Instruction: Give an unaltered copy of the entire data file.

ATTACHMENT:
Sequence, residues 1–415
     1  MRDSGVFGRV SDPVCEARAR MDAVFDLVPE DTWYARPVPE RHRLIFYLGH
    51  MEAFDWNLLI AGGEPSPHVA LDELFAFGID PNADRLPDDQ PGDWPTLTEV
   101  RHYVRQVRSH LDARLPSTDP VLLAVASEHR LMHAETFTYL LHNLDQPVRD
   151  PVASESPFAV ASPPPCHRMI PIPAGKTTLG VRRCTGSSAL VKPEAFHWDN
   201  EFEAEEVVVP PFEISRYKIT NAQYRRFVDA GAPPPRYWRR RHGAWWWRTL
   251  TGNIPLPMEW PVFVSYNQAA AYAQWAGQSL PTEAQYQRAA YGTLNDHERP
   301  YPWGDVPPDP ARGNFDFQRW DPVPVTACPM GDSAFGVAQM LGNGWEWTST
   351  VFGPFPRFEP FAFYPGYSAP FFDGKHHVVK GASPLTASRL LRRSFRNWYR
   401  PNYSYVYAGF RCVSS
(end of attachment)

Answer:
Sequence, residues 1–415
     1  MRDSGVFGRV SDPVCEARAR MDAVFDLVPE DTWYARPVPE RHRLIFYLGH
    51  MEAFDWNLLI AGGEPSPHVA LDELFAFGID PNADRLPDDQ PGDWPTLTEV
   101  RHYVRQVRSH LDARLPSTDP VLLAVASEHR LMHAETFTYL LHNLDQPVRD
   151  PVASESPFAV ASPPPCHRMI PIPAGKTTLG VRRCTGSSAL VKPEAFHWDN
   201  EFEAEEVVVP PFEISRYKIT NAQYRRFVDA GAPPPRYWRR RHGAWWWRTL
   251  TGNIPLPMEW PVFVSYNQAA AYAQWAGQSL PTEAQYQRAA YGTLNDHERP
   301  YPWGDVPPDP ARGNFDFQRW DPVPVTACPM GDSAFGVAQM LGNGWEWTST
   351  VFGPFPRFEP FAFYPGYSAP FFDGKHHVVK GASPLTASRL LRRSFRNWYR
   401  PNYSYVYAGF RCVSS